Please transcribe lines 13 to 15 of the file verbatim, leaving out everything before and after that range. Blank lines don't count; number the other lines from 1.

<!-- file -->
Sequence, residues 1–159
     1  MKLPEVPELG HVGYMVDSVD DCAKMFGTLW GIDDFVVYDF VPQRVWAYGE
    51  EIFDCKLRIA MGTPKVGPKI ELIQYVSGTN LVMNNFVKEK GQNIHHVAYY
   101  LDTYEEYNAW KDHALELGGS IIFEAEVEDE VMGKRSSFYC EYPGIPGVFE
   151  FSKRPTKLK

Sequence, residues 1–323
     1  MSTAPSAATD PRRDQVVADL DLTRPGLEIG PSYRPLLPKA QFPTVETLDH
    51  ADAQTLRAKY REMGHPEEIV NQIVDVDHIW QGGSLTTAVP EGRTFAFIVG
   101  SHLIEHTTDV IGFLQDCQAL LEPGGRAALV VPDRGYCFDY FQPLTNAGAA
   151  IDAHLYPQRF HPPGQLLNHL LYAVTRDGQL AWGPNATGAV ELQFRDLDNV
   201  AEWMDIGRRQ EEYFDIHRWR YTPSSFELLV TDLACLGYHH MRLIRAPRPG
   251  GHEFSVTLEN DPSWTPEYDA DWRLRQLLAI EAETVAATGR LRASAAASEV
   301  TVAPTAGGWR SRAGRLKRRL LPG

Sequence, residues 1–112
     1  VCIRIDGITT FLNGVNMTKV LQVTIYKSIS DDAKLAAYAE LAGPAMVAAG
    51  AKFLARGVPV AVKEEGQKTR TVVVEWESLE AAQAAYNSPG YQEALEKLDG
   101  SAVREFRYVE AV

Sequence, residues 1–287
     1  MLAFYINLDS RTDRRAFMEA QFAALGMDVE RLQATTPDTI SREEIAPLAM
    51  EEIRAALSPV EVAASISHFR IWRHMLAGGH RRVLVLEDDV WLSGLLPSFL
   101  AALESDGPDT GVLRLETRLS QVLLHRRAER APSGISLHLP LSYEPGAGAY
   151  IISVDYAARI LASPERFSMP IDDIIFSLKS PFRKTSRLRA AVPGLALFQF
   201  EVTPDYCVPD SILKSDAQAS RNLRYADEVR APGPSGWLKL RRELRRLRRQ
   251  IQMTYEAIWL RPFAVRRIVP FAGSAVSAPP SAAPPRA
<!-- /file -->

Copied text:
   301  TVAPTAGGWR SRAGRLKRRL LPG

Sequence, residues 1–112
     1  VCIRIDGITT FLNGVNMTKV LQVTIYKSIS DDAKLAAYAE LAGPAMVAAG